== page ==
Take it easy. Keep in mind that new hires take in massive amounts of information at the onset, so don’t require long days. Be sensitive to the fact that they need time to absorb and reflect on all of the information that’s coming at them. Create check-ins at regular intervals to ensure that your new employee is assimilating properly. This approach will pay off in the long run, because your workers will better retain what they learned during their orientation and training.
Create a process for internal transfers and promotions. Just because an employee has been working for an organization doesn’t mean he or she doesn’t need a little onboarding when they take on a new position or move to a new department. Consider what’s currently in your organization’s orientation program and create a streamlined version for promotions and transfers.
Make onboarding fun! Think of onboarding as an opportunity to be creative rather than as a dreaded chore. Keep in mind that your new hires are probably going to be overwhelmed, so build in plenty of break time and make your training documents easy to read. At the end of their first week, congratulate new hires with a team lunch or some cool company swag.
Never stop improving your onboarding process. Your onboarding plan can—and should—continue to grow and evolve. Don’t miss the opportunity to ask employees what they thought of the onboarding process and what recommendations they have for improvement. This information can be valuable not only right after their employee orientation, but also after they’ve been on the job awhile and have had time to really consider the value of the training they received. Keep enhancing your onboarding process so that you can continue empowering your employees and equipping them with the tools they need for success.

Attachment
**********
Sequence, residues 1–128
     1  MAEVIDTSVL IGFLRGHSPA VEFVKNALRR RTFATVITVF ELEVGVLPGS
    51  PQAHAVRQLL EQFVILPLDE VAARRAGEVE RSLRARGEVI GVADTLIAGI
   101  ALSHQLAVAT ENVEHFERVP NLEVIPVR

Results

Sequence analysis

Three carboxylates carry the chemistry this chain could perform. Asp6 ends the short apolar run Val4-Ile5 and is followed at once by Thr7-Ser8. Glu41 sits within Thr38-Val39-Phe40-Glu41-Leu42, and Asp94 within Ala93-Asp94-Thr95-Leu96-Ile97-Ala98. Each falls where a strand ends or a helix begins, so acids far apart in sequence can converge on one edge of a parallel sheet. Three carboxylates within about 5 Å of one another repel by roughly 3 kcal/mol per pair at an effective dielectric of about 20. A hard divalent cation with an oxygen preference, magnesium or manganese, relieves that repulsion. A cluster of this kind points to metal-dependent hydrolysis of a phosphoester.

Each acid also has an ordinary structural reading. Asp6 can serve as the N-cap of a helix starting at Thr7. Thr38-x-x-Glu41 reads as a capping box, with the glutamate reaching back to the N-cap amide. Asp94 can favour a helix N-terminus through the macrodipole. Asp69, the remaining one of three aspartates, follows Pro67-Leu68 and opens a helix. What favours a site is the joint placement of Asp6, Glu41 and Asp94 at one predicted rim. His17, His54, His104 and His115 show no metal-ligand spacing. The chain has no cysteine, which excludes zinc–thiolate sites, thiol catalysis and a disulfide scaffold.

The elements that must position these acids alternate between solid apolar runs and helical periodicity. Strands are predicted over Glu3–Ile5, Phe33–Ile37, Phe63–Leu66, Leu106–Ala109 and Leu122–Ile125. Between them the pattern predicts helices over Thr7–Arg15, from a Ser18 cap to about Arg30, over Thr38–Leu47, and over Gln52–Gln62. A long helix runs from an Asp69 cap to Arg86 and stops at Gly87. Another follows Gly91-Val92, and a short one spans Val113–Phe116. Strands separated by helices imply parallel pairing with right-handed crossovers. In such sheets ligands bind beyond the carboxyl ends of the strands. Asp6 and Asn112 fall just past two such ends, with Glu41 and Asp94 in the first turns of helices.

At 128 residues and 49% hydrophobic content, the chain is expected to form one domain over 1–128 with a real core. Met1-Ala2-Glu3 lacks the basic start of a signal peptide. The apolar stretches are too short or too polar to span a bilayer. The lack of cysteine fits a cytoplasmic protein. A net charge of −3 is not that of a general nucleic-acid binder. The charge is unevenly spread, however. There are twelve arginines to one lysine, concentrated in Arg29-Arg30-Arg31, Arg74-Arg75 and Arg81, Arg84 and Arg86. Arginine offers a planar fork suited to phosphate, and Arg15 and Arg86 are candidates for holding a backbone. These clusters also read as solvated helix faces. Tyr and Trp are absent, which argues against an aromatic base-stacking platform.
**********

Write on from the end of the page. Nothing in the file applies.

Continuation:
Effective onboarding has a big return on investment, not just through the costs associated with decreased turnover, but also by positively impacting employee productivity, satisfaction and engagement. The steps you take to go above and beyond in the onboarding process will be well worth your time and effort. Is your organization ready to implement a more effective employee onboarding process? The HR Team is here to help. Please contact our knowledgeable professionals to learn more.
About The HR Team: Founded in 1996, The HR Team is a Maryland-based human resources outsourcing firm committed to developing strategic, customized solutions that respond to the unique needs and cultures of organizations of all types and sizes. Available as a one-source alternative to an in-house HR department or on an à la carte project basis, the company’s flexible service models address the full spectrum of HR needs that many organizations struggle to address. The HR Team helps clients achieve their highest level of success by providing value-driven human resources services that leave them time to focus on what they do best: directing business growth and profitability. Headquartered in Columbia, Maryland, the firm serves all of Maryland, Washington, DC, and Virginia. To learn more about The HR Team, call 410.381.9700 or visit https://www.thehrteam.com/.